Newly Diagnosed

HEADLINES

  • 4,453 people were newly diagnosed with HIV in the UK in 2018.
  • New HIV diagnoses have continued to decline over the past decade with a substantial decrease over the past two years; decreasing by 6% between 2017 and 2018, and by 29% since 2015.
  • This recent reduction has been mostly driven by fewer HIV diagnoses among gay and bisexual men, which have decreased by 35% since 2015. 

MODE OF TRANSMISSION

  • 3458 (78%) of new diagnoses in 2018 were due to sexual transmission. The largest proportion of new diagnoses in 2018 were due to sex between men, followed by heterosexual sex. 

GENDER

  • Out of the 4453 people newly diagnosed with HIV in 2018, 3266 (73.3%) were male and 1185 (26.6%) were female.

ETHNICITY

  • Just under half (2127, 47.8%) of people diagnosed with HIV in 2018 were white and 818 (18.4%) were black African. 
  • 457 (10.3%) of new diagnoses were among people with 'Other/mixed' ethnicity, 245 (5.5%) were among Asian people, 95 (21.2%) were among Black Caribbean people and 82 (1.8%) were among Black Other.

AGE

  • 3000 (78%) of people newly diagnosed with HIV in 2018 were aged between 25 and 49. 
  • There are a growing number of people being diagnoses with HIV later in life, with around one in five people newly diagnosed aged 50 or over in 2018. ​​​​​​​

UK Distribution

  • The majority of newly diagnosed cases of HIV in the UK occur in England (4044, 90.8%). Within England, the region which has the highest proportion of new HIV diagnoses in London (1504, 33.7%).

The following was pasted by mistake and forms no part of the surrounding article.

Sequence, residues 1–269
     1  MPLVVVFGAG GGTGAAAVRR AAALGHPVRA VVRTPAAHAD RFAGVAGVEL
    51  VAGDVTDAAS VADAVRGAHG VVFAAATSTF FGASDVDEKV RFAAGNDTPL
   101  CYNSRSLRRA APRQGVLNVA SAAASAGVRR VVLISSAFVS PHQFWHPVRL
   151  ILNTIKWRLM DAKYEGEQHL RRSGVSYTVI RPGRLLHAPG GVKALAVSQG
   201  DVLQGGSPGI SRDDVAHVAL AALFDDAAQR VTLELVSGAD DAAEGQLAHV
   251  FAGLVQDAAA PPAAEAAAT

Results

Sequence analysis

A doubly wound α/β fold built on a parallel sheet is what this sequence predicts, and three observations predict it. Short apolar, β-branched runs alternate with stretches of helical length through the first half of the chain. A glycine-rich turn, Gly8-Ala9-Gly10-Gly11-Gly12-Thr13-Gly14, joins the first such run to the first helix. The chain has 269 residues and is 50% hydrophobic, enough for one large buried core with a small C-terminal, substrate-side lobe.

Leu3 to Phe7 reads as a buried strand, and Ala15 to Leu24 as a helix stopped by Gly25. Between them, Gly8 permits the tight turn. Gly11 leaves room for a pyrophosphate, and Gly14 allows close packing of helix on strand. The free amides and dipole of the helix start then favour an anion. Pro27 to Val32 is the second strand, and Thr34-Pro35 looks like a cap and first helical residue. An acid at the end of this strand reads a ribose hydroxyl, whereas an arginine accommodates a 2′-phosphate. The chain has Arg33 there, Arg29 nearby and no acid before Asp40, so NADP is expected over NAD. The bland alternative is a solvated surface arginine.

Late diagnosis


HEADLINES

  • Someone is considered to have been diagnosed late if they have a CD4 count below 350 cells/mm³ within three months of diagnosis.
  • People who are diagnosed late have been living with undiagnosed HIV for around three to five years, on average.
  • Late diagnosis increases the risk of ill-health, early death and onward transmission of HIV.
  • 43% of people newly diagnosed in 2018 were diagnosed at a late stage of HIV infection.

MODE OF TRANSMISSION

  • In 2018, the proportion of late diagnoses was highest among heterosexual men (59%), followed by heterosexual women (49%) and people who inject drugs (49%), and other exposure categories (45%). It was lowest among men who have sex with men.

AGE AT DIAGNOSIS

  • Older people are more likely to be diagnosed late. In 2018, 28% of people aged 15-24 were diagnosed late, compared to 58% of those aged 50-64 and 61% of those aged 65 and older. 

ETHNICITY

  • People from Black and Minority Ethnic (BAME) communities are more likely to be diagnosed late.
  • The proportion of late diagnoses was highest among people of Black African people 52%), followed by Black other (44%), Asian (43%) and Black Caribbean (40%). The group least likely affected by late diagnosis is Other/mixed (35%).

UK Distribution

  • Geographically, the highest rates of late diagnosis in 2018 were in England (43%), followed by Wales and Northern Ireland (both at 40%) and Scotland (35%).


MEN WHO HAVE SEX WITH MEN (MSM)


New HIV Diagnoses

  • We use the term 'men who have sex with men' to describe all gay, bisexual and other men who have sex with men.